Discussion in 'CycleChat Cafe' started by Rhythm Thief, 21 Nov 2007.
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that link is wrong mate
Sorry, should be ok now.
Now, why did someone else not think of that!!!!!!!!!!!!!!!!!!!!!!!!
i like the way he says it was struck by an iceberg... did it swim out in front of it then?
i'm confused by the spoons though? could they have baled the ship out if they had more spoons?
I have no sound here. so it was all a bit enigmatic to me, especially the ice stuff. Was it saying "How could a metal ship be damaged by ice, because we tried hitting a tiny icecube with a much bigger metal toy ship and the ship didn't break, and anyway the Vikings made their ships of wood and they didn't get sunk by icebergs..."
What a lot of tosh...
And I can't imagine the point of the spoons...
That's about it Arch. All presented in a mock - serious style. The spoons were to show that ice melts at room temperature, whereas metal doesn't, ergo metal is stronger than ice and the Titanic couldn't possibly have been sunk by an iceberg. I believe it.
So when I go skiing and have a high-speed wipe-out, seeing as my skin doesn't melt, as snow and ice do, the friction caused by my skin on the piste should melt the snow, and leave my face unscathed! Or did I miss something - I who successfully failed all my science CSEs!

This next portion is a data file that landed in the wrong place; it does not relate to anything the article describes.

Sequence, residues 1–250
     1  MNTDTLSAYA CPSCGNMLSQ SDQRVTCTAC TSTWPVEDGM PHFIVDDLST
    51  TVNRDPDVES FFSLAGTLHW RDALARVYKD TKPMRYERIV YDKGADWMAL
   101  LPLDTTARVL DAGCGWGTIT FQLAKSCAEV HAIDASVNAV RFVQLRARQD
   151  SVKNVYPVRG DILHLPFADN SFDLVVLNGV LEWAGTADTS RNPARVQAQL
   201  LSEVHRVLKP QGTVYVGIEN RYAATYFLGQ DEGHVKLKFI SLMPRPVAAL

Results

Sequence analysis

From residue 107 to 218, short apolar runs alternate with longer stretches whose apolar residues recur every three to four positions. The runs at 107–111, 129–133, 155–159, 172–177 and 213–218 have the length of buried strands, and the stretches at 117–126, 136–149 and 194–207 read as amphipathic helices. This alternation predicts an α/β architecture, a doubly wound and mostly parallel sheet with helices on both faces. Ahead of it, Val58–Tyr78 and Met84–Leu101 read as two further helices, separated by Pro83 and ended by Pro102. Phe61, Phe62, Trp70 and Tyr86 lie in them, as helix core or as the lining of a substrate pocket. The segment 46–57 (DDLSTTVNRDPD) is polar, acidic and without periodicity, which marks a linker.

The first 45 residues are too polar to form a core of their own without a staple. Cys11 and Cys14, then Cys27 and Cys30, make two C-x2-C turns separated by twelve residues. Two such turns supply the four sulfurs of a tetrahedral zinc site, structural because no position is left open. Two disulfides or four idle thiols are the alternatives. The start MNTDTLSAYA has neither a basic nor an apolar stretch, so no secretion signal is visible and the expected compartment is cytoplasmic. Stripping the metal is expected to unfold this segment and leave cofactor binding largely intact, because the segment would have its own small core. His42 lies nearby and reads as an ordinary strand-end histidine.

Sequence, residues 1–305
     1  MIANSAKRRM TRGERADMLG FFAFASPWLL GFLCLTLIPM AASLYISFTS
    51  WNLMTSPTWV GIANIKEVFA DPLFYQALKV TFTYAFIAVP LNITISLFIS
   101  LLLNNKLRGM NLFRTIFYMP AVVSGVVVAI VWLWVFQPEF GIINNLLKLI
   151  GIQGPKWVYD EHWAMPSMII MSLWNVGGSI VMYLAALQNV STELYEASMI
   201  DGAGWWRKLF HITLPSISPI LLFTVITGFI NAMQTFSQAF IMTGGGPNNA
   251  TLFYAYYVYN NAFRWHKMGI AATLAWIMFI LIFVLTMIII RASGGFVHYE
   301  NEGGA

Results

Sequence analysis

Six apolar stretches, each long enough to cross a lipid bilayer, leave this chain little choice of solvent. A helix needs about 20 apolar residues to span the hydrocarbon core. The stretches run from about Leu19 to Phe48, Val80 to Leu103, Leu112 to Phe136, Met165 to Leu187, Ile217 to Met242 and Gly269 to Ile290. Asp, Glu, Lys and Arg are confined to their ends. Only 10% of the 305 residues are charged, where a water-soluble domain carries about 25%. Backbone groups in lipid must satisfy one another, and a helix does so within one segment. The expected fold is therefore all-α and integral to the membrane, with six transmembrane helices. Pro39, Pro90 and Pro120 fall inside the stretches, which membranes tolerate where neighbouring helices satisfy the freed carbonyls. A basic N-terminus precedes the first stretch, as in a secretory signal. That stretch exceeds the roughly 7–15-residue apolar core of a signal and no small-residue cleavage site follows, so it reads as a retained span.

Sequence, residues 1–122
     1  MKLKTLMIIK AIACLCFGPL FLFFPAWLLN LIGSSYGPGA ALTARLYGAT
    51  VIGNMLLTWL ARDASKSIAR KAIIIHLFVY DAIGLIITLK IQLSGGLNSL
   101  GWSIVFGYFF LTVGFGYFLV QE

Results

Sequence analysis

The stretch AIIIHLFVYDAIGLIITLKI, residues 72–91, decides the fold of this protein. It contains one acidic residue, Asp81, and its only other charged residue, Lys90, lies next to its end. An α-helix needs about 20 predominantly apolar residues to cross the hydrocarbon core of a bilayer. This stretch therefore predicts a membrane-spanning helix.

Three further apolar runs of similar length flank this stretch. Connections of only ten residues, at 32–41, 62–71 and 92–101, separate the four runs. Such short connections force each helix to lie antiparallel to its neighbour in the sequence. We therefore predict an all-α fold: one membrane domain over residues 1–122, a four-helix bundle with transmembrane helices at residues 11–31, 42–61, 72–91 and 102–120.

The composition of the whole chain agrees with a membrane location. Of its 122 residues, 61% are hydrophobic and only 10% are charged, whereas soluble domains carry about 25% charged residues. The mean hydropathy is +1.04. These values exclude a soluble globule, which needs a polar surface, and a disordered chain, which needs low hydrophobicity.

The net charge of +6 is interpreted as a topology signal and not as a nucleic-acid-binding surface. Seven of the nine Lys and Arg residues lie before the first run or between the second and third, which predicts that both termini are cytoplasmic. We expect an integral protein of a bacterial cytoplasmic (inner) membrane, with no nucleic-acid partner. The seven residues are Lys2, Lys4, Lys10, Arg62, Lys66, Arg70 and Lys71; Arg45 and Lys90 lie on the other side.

there are some interesting conspiracy theories around the titanic though.
basically goes like: olympic is launched first, gets badly damaged (bent keel, a matter of public record) and is uninsured (speculation). the white star line switches the olympic with titanic (which is insured) while both are in belfast dockyard, and decides to scupper "titanic" and claim the insurance. plans are put in place by the company to have other company vessels in the locale to rescue the passengers and crew. unfortunately, the crew are not in on it and there are several ****ups which leave the "titanic" sunk with the loss of life on a grand scale. "olympic" goes on sailing until 1935.
i read a book about this and some of the photographic evidence (assuming it is genuine of course) raises some interesting questions.
Isn't there also something about another ship called the Britannic? I can't remember the plot now...
yes, originally to be called gigantic (name shelved post-titanic disaster) she was built and almost straightaway commandeered (sp?) by the military, and was sunk by a mine whilst doing hospital ship duty in 1914.
Isn't that a negative image of the Swiss navy's finest?
wot a load of tosh. what about "mass". it's well known that mass can cause more damage. like for instance, if you get hit by a spark off a sparkler which burns at a very high temperature, about 500 degrees, you don't even notice it, because not much mass, but if you pour water on you that's only 100 degrees it causes a lot of damage because of the mass.
same with an iceberg init? It's got a lot of mass, i mean this things are like underwater mountains, and therefore is very dense. pretty obvious to me it's gonna cause a lot more damage, just down to it's sheer size and density, than a measly icecube.
Can't be arsed to watch Titanic, the most ridiculous film of all time? Then watch The Titanic in 5 seconds. It is genius.
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